One of the more interesting story lines thus far in the 2016 election cycle has been the emergence of Sen. Bernie Sanders of Vermont as Hillary Clinton’s main challenger in the Democratic primary. Sanders, a 73-year-old self-described socialist who is technically not a Democrat (rather, an independent Senator who caucuses with the Democrats in the Senate) has surprised many analysts with his rapid rise in the polls and his ability to draw large crowds of highly-energized supporters.
Sanders now consistently polls in second place, coming within striking distance of Clinton in more progressive primary states — such as New Hampshire, Oregon and Minnesota — and has even overtaken Clinton in one poll in New Hampshire. Sanders’ rapid rise has prompted some to wonder whether the Vermont Senator may follow the same path as then-Senator Obama in 2008 — running to Clinton’s ideological left and defeating her.
Despite Sanders’ surge, there’s reason to be skeptical of his ability to sustain his campaign’s success long enough to overtake Clinton, who remains the prohibitive Democratic frontrunner.
It’s true that Clinton’s margins over Sanders’ in most polls have declined considerably since he entered the Presidential contest. When Sanders announced his candidacy in May, he trailed Clinton by a daunting 57-point margin in the Real Clear Politics polling average. Two and a half months later, that margin has been cut to around 25 points. However, the Sanders’ campaign has a likely fatal weakness – thus far, Sanders’ support is almost exclusively limited to white, liberal voters. Despite polling well (or at least decently) in the Northeast, Midwest and Pacific Northwest, Sanders’ levels of support in the South, thus far, have been abysmal. In South Carolina, a crucial early primary state in which a large percentage of the Democratic electorate reside, Sanders trails Clinton by nearly 60 points. His support among black and Hispanic voters, on average, has been nearly nonexistent. If this trend continues, Sanders may manage to pick off a few states during the Democratic primary but will come nowhere close to winning the nomination with such limited demographic support.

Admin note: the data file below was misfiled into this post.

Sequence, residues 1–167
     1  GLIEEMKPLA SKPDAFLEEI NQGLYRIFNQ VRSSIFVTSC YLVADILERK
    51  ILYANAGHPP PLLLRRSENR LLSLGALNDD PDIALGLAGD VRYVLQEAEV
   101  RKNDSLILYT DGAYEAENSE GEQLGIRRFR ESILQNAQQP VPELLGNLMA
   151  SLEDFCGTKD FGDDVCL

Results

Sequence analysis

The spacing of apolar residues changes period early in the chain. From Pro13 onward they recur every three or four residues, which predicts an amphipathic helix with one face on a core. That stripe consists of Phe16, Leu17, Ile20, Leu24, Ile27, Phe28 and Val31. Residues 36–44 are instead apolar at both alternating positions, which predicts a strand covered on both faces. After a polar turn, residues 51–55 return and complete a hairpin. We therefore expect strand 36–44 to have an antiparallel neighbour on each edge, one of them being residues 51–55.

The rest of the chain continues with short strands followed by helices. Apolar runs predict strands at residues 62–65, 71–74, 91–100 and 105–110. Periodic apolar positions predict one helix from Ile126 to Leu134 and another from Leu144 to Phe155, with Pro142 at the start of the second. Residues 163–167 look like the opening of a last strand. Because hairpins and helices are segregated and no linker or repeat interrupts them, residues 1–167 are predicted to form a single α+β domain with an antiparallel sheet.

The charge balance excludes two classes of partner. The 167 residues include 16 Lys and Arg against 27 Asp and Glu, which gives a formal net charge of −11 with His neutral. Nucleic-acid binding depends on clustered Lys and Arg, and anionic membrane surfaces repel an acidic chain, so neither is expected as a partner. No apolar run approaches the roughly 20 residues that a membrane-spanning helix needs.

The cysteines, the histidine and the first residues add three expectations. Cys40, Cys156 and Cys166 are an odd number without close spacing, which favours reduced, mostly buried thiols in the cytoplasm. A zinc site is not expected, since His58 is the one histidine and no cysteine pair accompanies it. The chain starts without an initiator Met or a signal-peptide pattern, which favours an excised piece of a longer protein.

In addition to his demographic limitations, Sanders’ ideological purity on matters such as campaign finance reform may hinder his chances of becoming a serious threat to Clinton. Opposition to Super PAC funding, which has saturated recent national elections with billions of dollars of corporate spending, has been a matter of conviction for Sanders thus far, as he has stated his refusal to accept such funds. Unfortunately for Sanders, the Supreme Court’s decision in Citizens United enshrined Super PAC donations as an extremely influential element of national elections. Sanders’ refusal to accept Super PAC funds, while staunchly consistent with his beliefs, will likely lead to Clinton gaining an insurmountable cash advantage and prevent Sanders from becoming a serious threat.
Sanders has risen further and faster in the polls than nearly anyone predicted, and the Clinton campaign’s recent troubles relating to Hillary Clinton’s email server create a remote possibility that Sanders could theoretically pull off a massive upset and defeat Clinton. What must be remembered, however, are three things.
Clinton still leads Sanders by nearly 25 points nationally.
Sanders has only ever led Clinton in one poll in one of the smallest states in the nation.
Money doesn’t win elections, but it certainly helps. And Clinton is likely to have exponentially more than Sanders.
As the race currently stands, while Sanders could keep the contest respectably close and perhaps win a few states, it appears very unlikely that he could climb high enough and sustain his momentum long enough to overcome the powerful Clinton political network and the fortune that will likely be spent on her behalf by Super PACs. Clinton is, by virtually any measure, the frontrunner for the Democratic presidential nomination, and, in terms of the Democratic primary, is arguably in the strongest position for any non-incumbent candidate in decades.